Mr. Jamieson: Legislation is already in place that allows local authorities to introduce 20 mph zones and 20 mph speed limits. Traffic calmed 20 mph zones have been particularly successful as they ensure compliance with the speed limit thereby substantially reducing the risk of accidents.
Mr. Don Foster: To ask the Secretary of State for Transport to whom the (a) Chairman and Chief Executive of the Strategic Rail Authority, (b) Directors of the Strategic Rail Authority and (c) Organisation of the Strategic Rail Authority are accountable; what
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actions are required in each case to report on their delivery and performance; what requirements are placed on each by his Department in terms of delivery and performance; and what actions his Department can take where delivery and performance targets are not being met. 
They are required to operate within the bounds of statute and in accordance with any directions and guidance from the Secretary of State issued under sections 206(3) and 207(5) of the Transport Act 2000. The authority must also comply with a statutory financial framework and its management statement. Copies of these documents are available in the House Library.
The management of the authority, within this framework, is a matter for the chair, chief executive and members. The authority reports on its performance in its annual report, which is laid before the House in accordance with section 75 of the Railways Act 1993.
Assistant Director of Traffic Technology Services
TfL Street Management
4250 Victoria Street
Mr. Hoban: To ask the Chancellor of the Exchequer if he will make a statement on the reasons for the difference between the Budget projections of 200102 and the projection based on actual receipts in 200203 to 30 September 2002 for (a) income and capital gains taxes, (b) corporation tax and (c) stamp duties.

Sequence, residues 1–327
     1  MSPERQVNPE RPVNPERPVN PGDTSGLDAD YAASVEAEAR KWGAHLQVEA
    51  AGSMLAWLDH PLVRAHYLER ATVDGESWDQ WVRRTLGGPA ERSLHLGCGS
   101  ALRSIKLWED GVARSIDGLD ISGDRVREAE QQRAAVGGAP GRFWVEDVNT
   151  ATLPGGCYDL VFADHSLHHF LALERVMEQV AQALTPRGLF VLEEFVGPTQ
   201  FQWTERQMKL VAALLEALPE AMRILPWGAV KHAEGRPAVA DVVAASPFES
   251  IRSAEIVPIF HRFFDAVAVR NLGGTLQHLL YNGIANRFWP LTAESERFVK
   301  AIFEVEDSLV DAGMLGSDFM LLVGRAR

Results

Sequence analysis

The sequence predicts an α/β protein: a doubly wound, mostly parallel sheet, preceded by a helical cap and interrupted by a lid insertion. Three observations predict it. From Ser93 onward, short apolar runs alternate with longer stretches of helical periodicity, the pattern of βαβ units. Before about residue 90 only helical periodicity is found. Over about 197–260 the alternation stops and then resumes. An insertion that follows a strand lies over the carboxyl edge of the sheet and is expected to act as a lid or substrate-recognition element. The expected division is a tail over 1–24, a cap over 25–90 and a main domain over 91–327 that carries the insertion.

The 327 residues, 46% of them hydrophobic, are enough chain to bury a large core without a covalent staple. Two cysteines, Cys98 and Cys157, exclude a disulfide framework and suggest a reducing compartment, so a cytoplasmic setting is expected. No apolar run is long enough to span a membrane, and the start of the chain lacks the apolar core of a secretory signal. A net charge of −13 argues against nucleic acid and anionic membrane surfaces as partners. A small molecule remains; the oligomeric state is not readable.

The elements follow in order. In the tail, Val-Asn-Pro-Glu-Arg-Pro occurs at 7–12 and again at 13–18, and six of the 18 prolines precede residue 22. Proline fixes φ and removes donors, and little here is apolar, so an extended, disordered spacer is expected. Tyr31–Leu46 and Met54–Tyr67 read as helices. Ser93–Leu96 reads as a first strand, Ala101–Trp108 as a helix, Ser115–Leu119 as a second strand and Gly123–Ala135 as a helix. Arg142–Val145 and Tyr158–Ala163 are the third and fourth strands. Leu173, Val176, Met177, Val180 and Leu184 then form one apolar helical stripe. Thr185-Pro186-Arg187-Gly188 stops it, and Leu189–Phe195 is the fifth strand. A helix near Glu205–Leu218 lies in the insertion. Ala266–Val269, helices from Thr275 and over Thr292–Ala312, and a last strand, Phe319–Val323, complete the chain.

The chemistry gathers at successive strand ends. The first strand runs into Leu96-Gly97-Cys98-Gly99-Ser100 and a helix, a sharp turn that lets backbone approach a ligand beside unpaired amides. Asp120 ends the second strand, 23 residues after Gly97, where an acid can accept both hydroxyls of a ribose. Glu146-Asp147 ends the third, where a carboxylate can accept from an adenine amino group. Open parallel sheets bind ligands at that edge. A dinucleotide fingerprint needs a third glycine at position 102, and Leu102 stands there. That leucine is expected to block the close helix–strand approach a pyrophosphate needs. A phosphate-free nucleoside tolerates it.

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Ms Atherton: To ask the Chancellor of the Exchequer what assessment he has made of the use of fuel-efficient company cars following changes to the taxation of company cars introduced on 1 April; what steps have been taken to encourage employers to consult employees on company policy following the changes; and what evidence he has reviewed of the change in the number of vehicles of commercial vehicle status purchased by companies since 1 April. 
John Healey: The Inland Revenue has begun an extensive evaluation programme to look at the effects of the company car tax reforms introduced in April this year. Results of the evaluation are not yet available.
Mr. Donaldson: To ask the Chancellor of the Exchequer, what action is being taken by the Financial Services Authority to address the problems caused by the collapse of the professional indemnity insurance market for independent financial advisers in the United Kingdom. 
Ruth Kelly: This is a matter for the FSA. I understand that in a press statement on 29 October 2002, the FSA announced technical changes to its rulebook regarding professional indemnity insurance. The FSA has explained that it introduced these new, temporary measures to increase capacity in the market for professional indemnity insurance.
Mr. Flight: To ask the Chancellor of the Exchequer what discussions his Department has had with the Office of the Deputy Prime Minister regarding funding sources for a possible increase in firefighters' pay. 
Ruth Kelly: Deployment of the departmental expenditure limit (DEL) of the Office of the Deputy Prime Minister is a matter for the Deputy Prime Minister. The Treasury is in regular contact with the office on a range of financial issues.